As a board member of the American Marketing Association (AMA) Cincinnati chapter, I’ve been to a lot of networking events – good ones and bad ones. I’ve also organized and hosted my own networking events, including the ever-popular Speed Networking. It saves time and money to know which networking formats work best for me and my professional goals.
2 min read
Like many small business owners and employees of small businesses, I attend networking functions. Last year I went to an event that had a small roundtable introduction followed by a brief mixer. You had 60 seconds to promote whatever you wanted and sell yourself. I was starting Leading Results’ podcast, Marketing Monster Mashup, so I closed our commercial with an invitation for guests.
2 min read
If you have read my earlier blog on The Do’s and Don’ts on LinkedIn Invites, this is the follow up. If you don’t have time to read the original post, the premise was that using the default "I’d like to connect with you on LinkedIn" is dreadful and downright deplorable behavior. I know plenty of people that will immediately discard a LinkedIn invitation if it is not personalized.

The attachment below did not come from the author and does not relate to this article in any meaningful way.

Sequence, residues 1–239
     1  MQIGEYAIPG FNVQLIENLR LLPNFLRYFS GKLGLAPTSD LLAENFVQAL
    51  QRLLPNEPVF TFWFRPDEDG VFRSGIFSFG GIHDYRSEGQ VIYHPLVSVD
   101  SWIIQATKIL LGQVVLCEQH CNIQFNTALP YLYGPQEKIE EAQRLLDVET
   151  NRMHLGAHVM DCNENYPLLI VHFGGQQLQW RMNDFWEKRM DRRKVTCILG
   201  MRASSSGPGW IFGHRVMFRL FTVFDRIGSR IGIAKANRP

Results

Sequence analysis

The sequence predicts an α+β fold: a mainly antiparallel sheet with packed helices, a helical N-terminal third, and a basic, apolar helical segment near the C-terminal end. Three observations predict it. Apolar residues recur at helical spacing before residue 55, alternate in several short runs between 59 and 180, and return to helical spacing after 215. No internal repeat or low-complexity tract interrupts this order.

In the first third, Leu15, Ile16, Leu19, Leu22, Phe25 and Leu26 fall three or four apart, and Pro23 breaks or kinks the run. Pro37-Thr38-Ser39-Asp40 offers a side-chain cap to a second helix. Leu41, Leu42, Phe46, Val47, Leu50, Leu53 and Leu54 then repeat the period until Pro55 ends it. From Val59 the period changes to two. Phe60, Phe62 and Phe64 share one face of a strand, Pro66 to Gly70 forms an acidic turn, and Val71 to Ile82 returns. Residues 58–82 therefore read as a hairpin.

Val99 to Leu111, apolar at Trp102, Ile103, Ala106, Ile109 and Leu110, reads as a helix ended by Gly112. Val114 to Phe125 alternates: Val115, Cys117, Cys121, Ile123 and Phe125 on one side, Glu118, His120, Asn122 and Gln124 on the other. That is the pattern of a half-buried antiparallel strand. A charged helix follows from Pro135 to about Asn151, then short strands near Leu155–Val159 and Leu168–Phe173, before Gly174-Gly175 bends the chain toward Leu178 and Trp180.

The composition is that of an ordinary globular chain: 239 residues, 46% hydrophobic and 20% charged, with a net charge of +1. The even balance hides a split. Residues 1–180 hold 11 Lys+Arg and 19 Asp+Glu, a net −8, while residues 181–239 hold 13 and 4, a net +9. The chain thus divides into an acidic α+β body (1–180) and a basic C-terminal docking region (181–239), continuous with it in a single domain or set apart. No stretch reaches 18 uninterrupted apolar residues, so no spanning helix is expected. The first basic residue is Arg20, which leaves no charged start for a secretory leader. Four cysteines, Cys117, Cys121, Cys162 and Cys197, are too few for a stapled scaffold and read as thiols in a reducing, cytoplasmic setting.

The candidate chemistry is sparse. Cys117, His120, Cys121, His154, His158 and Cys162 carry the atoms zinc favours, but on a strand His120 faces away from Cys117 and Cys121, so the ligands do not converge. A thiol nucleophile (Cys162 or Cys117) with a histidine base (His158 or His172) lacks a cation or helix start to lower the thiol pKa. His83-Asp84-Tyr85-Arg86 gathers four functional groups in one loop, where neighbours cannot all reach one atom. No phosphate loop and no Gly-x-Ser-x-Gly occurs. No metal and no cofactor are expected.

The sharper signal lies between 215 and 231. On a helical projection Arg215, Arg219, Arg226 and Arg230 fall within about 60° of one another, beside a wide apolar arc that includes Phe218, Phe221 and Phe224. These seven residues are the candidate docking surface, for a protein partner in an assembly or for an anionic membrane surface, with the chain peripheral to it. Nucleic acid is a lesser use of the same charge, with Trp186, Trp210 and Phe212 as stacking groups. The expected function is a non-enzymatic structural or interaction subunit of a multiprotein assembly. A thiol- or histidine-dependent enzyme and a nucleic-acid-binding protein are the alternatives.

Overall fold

5 min read
This post was going to be a rant on the phrase "I'd like to add you to my professional network." (but I decided that at least most people are trying...and I decided to be nice). So, instead, I’ll take a more constructive approach and share my thoughts on how to properly invite someone to join you on LinkedIn.
If you were at a networking event, would you walk over to someone, hand them a business card, ask them to connect and walk away? I certainly hope not. I would expect you to introduce yourself and give them some sort of reason to keep talking. LinkedIn is no different.
1 min read
You know the situation. You get introduced to another business person by a mutual acquaintance who thinks you two can work together, gain insights from each other, and find some “synergy” between your businesses. So you arrange an introductory call (referrals can come from the most unlikely places).